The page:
The fire came after MRI was barred from accepting any new e-waste in March by order of the Environment Protection Authority, which discovered the business had amassed an inappropriately large stockpile of materials. And in July the EPA issued a formal warning threatening to suspend MRI’s license to continue operating the facility.
MRI, which is also known as MRI (Aust) Pty Ltd, is authorised to hold a maximum of 60 tonnes of e-waste and 20 tonnes of unsorted batteries. It’s unclear how much excess material was stored on the site at the time of the fire.
The components of batteries and electronics are considered toxic to health and the environment, especially when damaged or exposed to fire.
The company collects and recycles e-waste on behalf of major retailers, telcos and IT companies, schools, city councils and the Department of Defence.
EPA chief executive Dr Cathy Wilkinson said MRI (Aust) Pty was under “active ongoing investigations” for what the regulator considered a “serious issue”.
“After our investigations found issues of non-compliance, EPA issued a Minor Works Pollution Abatement Notice against MRI (Aust) Pty Ltd to cease accepting any further waste until they were within licence limits [in March],” she said.
“After further EPA investigations, the company was also issued a show cause notice in July demanding MRI provide reasons why they should not have their licence suspended, alleging non-compliance with the conditions of the licence.”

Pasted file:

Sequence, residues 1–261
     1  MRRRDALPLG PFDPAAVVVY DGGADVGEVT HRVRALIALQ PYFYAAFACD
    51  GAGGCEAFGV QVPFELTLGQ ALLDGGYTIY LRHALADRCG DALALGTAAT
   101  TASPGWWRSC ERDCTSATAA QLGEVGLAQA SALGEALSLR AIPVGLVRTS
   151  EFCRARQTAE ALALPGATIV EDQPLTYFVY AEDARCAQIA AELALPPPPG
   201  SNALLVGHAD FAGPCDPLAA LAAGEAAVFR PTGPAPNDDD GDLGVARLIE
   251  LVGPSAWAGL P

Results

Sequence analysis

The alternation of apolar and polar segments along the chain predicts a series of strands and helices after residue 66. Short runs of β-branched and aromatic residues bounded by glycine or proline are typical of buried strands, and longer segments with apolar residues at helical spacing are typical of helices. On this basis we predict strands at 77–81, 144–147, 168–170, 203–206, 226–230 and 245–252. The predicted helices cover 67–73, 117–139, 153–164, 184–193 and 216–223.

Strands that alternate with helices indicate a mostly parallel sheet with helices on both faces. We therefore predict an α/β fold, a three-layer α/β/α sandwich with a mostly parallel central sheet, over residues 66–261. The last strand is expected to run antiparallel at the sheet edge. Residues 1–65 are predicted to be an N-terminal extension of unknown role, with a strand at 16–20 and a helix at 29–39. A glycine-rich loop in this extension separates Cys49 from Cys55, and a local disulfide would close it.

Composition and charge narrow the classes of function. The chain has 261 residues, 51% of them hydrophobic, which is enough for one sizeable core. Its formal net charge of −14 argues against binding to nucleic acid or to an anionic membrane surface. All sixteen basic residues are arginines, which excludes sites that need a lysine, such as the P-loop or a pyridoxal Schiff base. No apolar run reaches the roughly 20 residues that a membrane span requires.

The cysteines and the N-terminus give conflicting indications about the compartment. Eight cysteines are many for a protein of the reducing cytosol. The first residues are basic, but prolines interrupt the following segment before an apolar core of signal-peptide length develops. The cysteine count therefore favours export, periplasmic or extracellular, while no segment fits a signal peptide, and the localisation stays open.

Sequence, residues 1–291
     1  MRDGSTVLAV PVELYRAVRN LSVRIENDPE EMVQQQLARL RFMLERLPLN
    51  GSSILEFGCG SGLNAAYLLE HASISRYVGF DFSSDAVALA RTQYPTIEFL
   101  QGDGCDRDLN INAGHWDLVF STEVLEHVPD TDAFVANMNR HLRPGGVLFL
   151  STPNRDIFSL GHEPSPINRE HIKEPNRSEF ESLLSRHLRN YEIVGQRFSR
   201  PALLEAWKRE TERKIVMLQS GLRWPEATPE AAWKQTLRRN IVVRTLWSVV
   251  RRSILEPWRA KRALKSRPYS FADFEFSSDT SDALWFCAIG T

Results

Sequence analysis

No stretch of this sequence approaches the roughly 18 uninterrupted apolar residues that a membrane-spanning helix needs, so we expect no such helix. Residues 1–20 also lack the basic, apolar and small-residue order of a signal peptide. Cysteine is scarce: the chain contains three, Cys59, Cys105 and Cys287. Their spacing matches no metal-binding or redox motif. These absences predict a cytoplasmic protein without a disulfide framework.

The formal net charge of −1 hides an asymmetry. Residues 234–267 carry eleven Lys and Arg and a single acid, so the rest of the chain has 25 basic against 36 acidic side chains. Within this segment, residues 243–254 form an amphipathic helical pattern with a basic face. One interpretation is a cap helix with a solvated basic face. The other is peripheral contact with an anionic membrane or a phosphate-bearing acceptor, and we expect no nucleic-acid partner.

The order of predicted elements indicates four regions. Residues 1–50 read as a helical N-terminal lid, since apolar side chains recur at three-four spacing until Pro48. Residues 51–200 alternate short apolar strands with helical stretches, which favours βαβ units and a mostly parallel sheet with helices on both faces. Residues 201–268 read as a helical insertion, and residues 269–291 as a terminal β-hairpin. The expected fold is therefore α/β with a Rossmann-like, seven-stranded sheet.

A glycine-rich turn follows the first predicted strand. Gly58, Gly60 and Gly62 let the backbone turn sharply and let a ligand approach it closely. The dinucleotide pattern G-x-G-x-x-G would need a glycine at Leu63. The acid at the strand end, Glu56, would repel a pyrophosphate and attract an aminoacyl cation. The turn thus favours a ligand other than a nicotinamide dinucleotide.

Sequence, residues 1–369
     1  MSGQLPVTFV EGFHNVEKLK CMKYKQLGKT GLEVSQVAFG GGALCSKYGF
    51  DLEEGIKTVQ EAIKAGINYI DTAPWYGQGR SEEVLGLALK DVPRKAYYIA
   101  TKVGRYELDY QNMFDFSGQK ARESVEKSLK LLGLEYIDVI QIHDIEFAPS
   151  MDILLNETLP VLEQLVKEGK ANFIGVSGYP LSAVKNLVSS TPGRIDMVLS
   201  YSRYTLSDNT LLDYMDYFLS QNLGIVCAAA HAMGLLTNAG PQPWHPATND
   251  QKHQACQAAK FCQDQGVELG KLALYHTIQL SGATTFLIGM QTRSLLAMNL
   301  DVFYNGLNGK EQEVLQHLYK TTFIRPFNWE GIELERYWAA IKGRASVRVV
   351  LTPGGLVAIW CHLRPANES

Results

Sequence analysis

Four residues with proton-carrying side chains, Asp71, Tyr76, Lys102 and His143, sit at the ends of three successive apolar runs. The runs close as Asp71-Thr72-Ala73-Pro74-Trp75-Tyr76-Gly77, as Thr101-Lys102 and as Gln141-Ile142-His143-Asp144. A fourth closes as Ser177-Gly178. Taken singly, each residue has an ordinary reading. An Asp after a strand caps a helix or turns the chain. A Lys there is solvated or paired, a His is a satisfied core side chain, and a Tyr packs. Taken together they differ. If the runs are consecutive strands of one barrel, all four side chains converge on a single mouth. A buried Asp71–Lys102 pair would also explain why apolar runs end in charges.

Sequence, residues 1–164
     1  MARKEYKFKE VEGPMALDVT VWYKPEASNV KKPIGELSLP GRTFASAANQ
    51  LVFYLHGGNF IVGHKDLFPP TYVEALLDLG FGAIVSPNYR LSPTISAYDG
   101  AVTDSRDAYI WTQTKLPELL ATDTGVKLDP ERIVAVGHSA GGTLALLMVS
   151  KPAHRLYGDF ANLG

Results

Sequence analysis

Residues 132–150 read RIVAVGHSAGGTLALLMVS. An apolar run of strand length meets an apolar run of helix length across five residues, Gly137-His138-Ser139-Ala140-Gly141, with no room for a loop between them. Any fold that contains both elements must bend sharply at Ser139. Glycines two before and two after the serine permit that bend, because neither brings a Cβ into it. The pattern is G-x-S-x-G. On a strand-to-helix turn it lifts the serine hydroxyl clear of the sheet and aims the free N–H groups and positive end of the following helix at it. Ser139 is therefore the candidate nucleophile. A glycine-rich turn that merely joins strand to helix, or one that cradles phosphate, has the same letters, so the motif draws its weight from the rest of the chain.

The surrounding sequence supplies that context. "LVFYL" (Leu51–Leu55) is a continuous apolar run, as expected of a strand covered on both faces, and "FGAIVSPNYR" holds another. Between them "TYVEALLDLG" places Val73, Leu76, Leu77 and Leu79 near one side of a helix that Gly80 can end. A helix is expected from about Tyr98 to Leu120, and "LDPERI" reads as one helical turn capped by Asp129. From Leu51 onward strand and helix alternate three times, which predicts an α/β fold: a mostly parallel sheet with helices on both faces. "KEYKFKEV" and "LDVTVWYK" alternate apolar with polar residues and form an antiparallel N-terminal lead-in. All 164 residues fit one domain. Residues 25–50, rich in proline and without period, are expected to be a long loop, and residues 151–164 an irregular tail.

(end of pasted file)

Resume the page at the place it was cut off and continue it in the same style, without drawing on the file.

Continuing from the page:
A spokesman for MRI said while it was inappropriate to comment on its previous communications with regulators: “We must state that we have worked hard to ensure that we complied with our operational licence conditions.
“We are engaging with officials from the EPA and WorkSafe Victoria and complying with any health and safety orders issued as part of the recovery process.”
MRI also said it would like to express its appreciation to emergency responders for fighting the blaze. “We are grateful there was no loss of life or injury.”
Melbourne Water has reported that contaminated fire water run off, which had spread into nearby Merlynston Creek and several kilometres downstream to Jack Roper Lake while the blaze was being battled, has been contained and now cleared. The EPA and water authority is continuing to test the water.
It is not the first time MRI has fallen foul of the regulator, with the company convicted and fined $15,000 by a magistrate in 2005 for storing waste without a licence, contravening its licence conditions and providing incorrect information to the EPA. It was also ordered to pay $13,459 in costs.
There have been a string of major fires in recent years at industrial premises, plastic recyclers, chemical waste facilities and illicit waste dumps across the city.
A number of incidents, including a massive blaze in April 2019 at the premises of now-defunct chemical recycler Bradbury Industrial Services, have come after regulators have discovered operators storing huge volumes of highly flammable materials such as plastics or solvents in breach of license conditions.
This month also marks the two-year anniversary of one of the worst industrial blazes in two decades, which erupted after millions of litres of chemical waste was illegally stored in a warehouse in West Footscray.
Chris Vedelago is an investigations reporter for The Age with a special interest in crime and justice.